What an absolutely extraordinary episode. Sheer poetry from start to finish...

"That is my function, my occupation - my job. My joy."

So Fire is the repository of all that is not good? Presumably, then, Water is the repository of all that is not bad. Interesting phraseology: Prince doesn't actually say that Fire is the home of all evil (yes, I know he calls himself evil, but that's more in response to Xev's comment than a reflection of his own self-image. Or so I believe.) I for one would not call Water a 'good' place, particularly - I agree with Kai that the inhabitants are complacent and essentially stagnating. By the same token I wouldn't call Fire 'bad': to a large extent the inhabitant's natures seem to have been shaped by need and topography.

Battle is another episode in which a great deal happens without appearing to do so. We're back to a stately dance again, with Stan and Kai teaming up this time while Xev ends up back on Fire. But the way it happens! The actual physical conflict in the sky was enough to give me vertigo - and I like heights. Beautifully, gracefully - and realistically - done. After all, you can't really fight a fast-moving battle if you're in balloons. In a way, this episode has resonances with Gondola: conflict in the air, on Water this time, (and instead of being personal and internal this is external and impersonal,) and it's Xev who ends up walking on Fire, rather than dead Kai. And stunning imagery...

OK, let's start at the beginning. If we're borrowing from the Garden of Eden allegory, Prince can now be seen as the 'serpent', sneaking into the garden at night to steal Xev from her friends (and I admit the parallel is loose at best.) But why is he doing this? Is he still determined to win Xev over to his side? There's a real innocence about Xev - not least because of her early life, some of which we saw in this episode. After all, if you have literally grown up in a box, you haven't had a lot of opportunity to do anything very bad, have you? And most of the few 'reprehensible' things she has done since escaping the Cluster can be blamed on the fact that she is no longer entirely human. She has helped her friends, worked co-operatively with them, saved them on occasion, she refuses to give in to Prince... Yes, if Prince is an incarnation of the devil, Xev would be quite a prize!

It's power Prince wants, Xev's acceptance of his darkness - and her own potential darkness, for everyone has the capacity for both light and dark within them - rather than her body (though he'd quite happily take that as well!) It's obviously not love. Back on Fire, Prince joins her in the desert, wanting to watch her die - because he's never seen anyone die for the first time. A bizarre phrase that could mean a variety of things, not least of which is if that's the case, have all the inhabitants of both Fire and Water come to the system from elsewhere? We've already established they aren't born, simply awakened, and that several individuals from the Light Universe have appeared on Fire or Water. Has everyone on the twin worlds come here after dying in the Light Universe? (I'd guess not everyone who dies in the Light Universe makes it here, or the place would be a little crowded by now...) So is this some kind of punishment - Purgatory, perhaps?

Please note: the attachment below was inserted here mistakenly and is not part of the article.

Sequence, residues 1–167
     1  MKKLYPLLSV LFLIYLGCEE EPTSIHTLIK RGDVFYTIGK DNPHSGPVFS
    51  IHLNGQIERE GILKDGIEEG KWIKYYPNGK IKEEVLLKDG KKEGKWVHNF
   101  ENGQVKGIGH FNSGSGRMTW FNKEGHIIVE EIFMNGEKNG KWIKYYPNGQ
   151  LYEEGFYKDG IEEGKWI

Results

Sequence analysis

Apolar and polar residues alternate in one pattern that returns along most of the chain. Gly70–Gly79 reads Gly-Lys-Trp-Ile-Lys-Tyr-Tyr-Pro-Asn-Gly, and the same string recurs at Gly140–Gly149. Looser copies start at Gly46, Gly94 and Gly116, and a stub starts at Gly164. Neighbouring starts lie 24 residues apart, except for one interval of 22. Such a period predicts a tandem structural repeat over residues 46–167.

I've been trying very hard all along not to think of the twin worlds as approximations of heaven and hell (thinking about it, Mount Olympus and hell is perhaps a better way of describing the pair), hoping that the situation was more complex and less based in earthly allegory than that. I'm now reluctantly losing that hope, although in its favour, while the series has the equivalent of the devil in Prince, I haven't yet noticed a god-figure. But there are still three episodes to go...

As a final note, the imagery in the third season is incredibly powerful. That absolutely beautiful scene at the end of the episode raised a shiver - Xev alone amidst an awe-full expanse of desolation and loneliness with Water shimmering in the sky... Entrancing.

Wondering Allowed

"I see hate in your eyes. If you can hate me, you should be able to hate others. It's a small step for you to take. Take it Xev - be mine." Was there also an echo here of the Doctor in Terminal, back in season two? Not in the words, but in the scenario? Back

Unlike Stan and Lyekka. What a wonderfully touching little scene that was. Stan truly affected for once, and Lyekka did care for him. But I'm not overly certain I understood her words, "If you cry you lose the memory of our love." Unless this is a reference to a particular element of her alien nature. After all, she's a plant. Plants have a chemical nervous system: perhaps in her terms memory is contained in salt tears... Back

Prince called his servant Priest. Maybe I was right about the caste system in Princetown, then.

And Prince dies twice in this episode. You'd think he'd be bored with it by now. But maybe having the Lexx crew there is providing him with more excitement than he's seen in a very long time, and is worth all the nuisance of death and reawakening...

Isn't it amazing how Prince's minions (well, most of them anyway) seem to accept his orders without question, even when that means killing themselves...

Why didn't Xev stay with the balloon? She might have got a little battered, but her Cluster Lizard half would have taken care of that. And a drifting balloon is a lot easier to spot in the desert than one small walking figure (who also happens to match the colour of her surroundings...)

© 2000 Joules Taylor (Flare)

Episode 11

© 2000 WordWrights